- Exoprin Supplement Facts
- Fosamax Alternatives
- Strontium Bone Maker Side Effects
- Nutritional Supplements for Osteoporosis
- Warning and Precautions for Exoprin
- Natural Remedies for Osteo
- The Role of Zinc in Osteoporosis
- Exoprin: Frequently Asked Questions
- Reasons to Eat More Gelatin
- Foods That Help Prevent Osteoporosis
WARNING - Read This Before Taking Prolia
Prolia was approved in 2010 for the treatment of osteoporosis and for preventing new bone fractures especially in postmenopausal women. This new drug modifies the regulatory control of the immune system over bone remodeling. Its cutting-edge design is matched by the ease of its twice-a-year administration. But Prolia is far from the wonder drug it is being promoted as. By modifying the immune system, it impairs general immune response. And curiously, Prolia can kill off the bones of the jaw and cause hip bone fractures. Read on to find out why Prolia is definitely not what your bones need.
Prolia is a new prescription osteoporosis drug from Amgen. It is specially formulated as a twice-a-year injection to treat osteoporosis especially in postmenopausal women.
Prolia is usually recommended for osteoporosis patients with high risk of fractures particularly those at risk of developing multiple fractures.
It is also usually given as a last-line osteoporosis treatment when other osteoporosis treatments have failed. Finally, because Prolia is only given as biannual injections, it is preferred by those who prefer not to take drugs frequently and also recommended for patients who cannot tolerate other osteoporosis drugs.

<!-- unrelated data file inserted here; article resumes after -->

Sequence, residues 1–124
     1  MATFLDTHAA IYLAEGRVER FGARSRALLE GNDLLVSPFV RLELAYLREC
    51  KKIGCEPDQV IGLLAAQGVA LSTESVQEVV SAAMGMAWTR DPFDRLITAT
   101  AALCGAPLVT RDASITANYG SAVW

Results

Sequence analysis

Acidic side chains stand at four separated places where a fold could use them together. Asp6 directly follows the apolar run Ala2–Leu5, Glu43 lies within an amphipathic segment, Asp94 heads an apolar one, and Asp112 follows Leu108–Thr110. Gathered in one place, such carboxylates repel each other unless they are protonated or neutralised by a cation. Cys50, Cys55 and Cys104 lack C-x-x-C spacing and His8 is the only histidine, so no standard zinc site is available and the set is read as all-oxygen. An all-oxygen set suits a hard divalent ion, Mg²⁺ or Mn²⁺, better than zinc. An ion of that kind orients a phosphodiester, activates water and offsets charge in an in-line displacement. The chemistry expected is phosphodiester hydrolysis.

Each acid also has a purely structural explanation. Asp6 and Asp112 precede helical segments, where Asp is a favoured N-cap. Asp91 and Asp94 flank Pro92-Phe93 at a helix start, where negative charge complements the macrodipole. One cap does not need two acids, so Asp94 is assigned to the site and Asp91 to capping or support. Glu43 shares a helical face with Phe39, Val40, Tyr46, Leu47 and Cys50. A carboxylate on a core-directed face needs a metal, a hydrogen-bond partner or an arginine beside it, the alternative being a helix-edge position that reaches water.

The FDA (Food and Drug Administration) approved Prolia in 2010. Another drug (Xgeva) that shares the same active ingredient was also approved for treating bone cancer later that year.
The active ingredient in Prolia is denosumab. Denosumab is a human monoclonal antibody.
Prolia was the subject of a series of drug trials sponsored by Amgen including a high-profile short study undertaken by the National Aeronautics and Space Administration (NASA).
The NASA study tested the efficacy of denosumab on 24 female mice for 12 days in the microgravity environment of the International Space Station. The study concluded that Prolia prevented microgravity-induced bone loss and maintained bone mineralization.
Another landmark study was published in the New England Journal of Medicine in 2009.
In addition, there is the 3-year FREEDOM study that involved almost 8,000 postmenopausal women. It concluded that denosumab reduced the risk of osteoporosis by 35%.
Studies that compared Prolia to bisphosphonates (such as Fosamax) revealed that Prolia was slightly better than this popular class of osteoporosis and shared most of their side effects.
Prolia may be administered by a health professional or the osteoporosis patients. It is supplied as a subcutaneous injection containing 60 mg denosumab. Therefore, one Prolia injection is administered every 6 months.
The major sites of injection are under the skins of the upper arm, upper thigh and abdomen.
Denosumab is a human monoclonal antibody developed by the biotech company, Amgen. Besides its use in the treatment of osteoporosis, denosumab has also been approved or investigated for use in the treatment of rheumatoid arthritis and different forms of bone cancer.